|10-18-2005 06:23 PM|
|Cebby||wp442 - great writeup on the compressor and piping info. Chock full of goodies!!!|
|08-13-2004 03:43 PM|
Agreed...I never accused you of trying to take credit for it, I was simply asking for an acknowledgement of it's origin. You've done so, so I'll consider the matter closed.
However, just for future reference: I also save tidbits of info from various websites to my computer, usually in the form of text files. Just so I'll remember where I got the info, though, I also always copy and paste the URL where the info was obtained. That way, should I ever have a need to use it for anything other than my own use, I can either contact the author for permission or at least post a link to the original webpage from which it was obtained. Just a helpful suggestion...take it FWIW.
|08-13-2004 02:32 PM|
|08-13-2004 02:27 PM|
|Kevin45||WP...I saved it from your webpage into my computer. I then copied it from my computer into my Gallery. By default it puts Hotrodders watermark onto any pic. I cannot control that. I went back and edited my remark to show that it came from your website. If that is not good enough I will go back and retract anything that I stated in this thread and delete the photos from my gallery. When I originally save it I was surfing your site. After so many months one tends to forget where it came from. I NEVER took credit that it was my design or whatever. It's your call. Tell me what you want me to do and it is done. But I am not going to get into a pissing contest over a thread that talks about airline piping that I never even took credit for.|
|08-13-2004 07:36 AM|
I have no problem with people saving the info and graphics I post on my site...heck, that's why I created them in the first place, to share. But I DO believe that at the very least credit should be given wherever it's due.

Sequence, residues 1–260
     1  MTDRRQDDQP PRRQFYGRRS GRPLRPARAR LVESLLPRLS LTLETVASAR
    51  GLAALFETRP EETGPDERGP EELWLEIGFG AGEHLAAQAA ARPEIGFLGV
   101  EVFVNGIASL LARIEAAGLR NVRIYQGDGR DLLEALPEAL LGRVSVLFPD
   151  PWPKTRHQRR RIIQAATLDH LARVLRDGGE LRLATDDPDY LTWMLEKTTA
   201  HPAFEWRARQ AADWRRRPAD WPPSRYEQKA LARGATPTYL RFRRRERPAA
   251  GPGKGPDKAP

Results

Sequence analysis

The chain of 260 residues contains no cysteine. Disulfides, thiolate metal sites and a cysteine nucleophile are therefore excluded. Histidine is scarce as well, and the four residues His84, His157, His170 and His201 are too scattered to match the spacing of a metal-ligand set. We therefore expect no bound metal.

If you re-edit the layout graphic it's just going to get very distorted and pixelated. Why don't you just delete your version and resave it from my webpage. You're more than welcome to display a copy in your Gallery, as long as it's original and unedited.
|08-13-2004 01:51 AM|
wp442...I apologize for it being covered up with HotRodders watermark. And yes it did come from your site. I saved it for future reference for myself and when this topic first started I thought I'd share for others. The reason I shared this one is because of the detail and it looked like the best layout. If you would like I will go back and edit the pic and remove it. My intentions were not to take credit and as you can see I did not take credit for it. Again my apologies.
|08-12-2004 10:31 PM|
|wp442||Kevin45: The graphic you posted above and all the info you posted about piping was taken from my webpage at http://www.oldsmobility.com/air-compressor-piping.htm . I spent a great deal of time researching the contents of that page and especially creating that layout graphic, which I notice has been watermarked with a Hotrodders watermark, covering up my own 'OLDSmobility.com' watermark. Not cool.|
|08-12-2004 08:28 PM|
Personally I would go with the type 'L' 1" copper, run at least 25' diagonally or vertical before putting any fitting in except for a copper connector of the two lengths of pipe. At the bottom of this install a water drain. If you can't do this because of space restrictions then you can use a roll of soft copper (1 or 1 1/2" ) of approximately 40 ' in length. You can put a small fan on the end to cool the inside of the coil but allow room for air circulation, this will act as a mini dryer. The first 25 feet of the piping is the most critical, as warmth holds the most moisture, and this part of your system obtains its heat from the compressing of the air. The cooling air will lose its moisture as it travels up the pipe and will condense on the inside of the copper and run down the walls to the water trap below. Keep the regulators, oilers, etc to the ends of the branch lines as suggested by others. Your large supply lines will act as storage for extra air, cooled dried air, that is. If you can find an old central air conditioner coil this is perfect for use as a dryer and it has a good size fan already.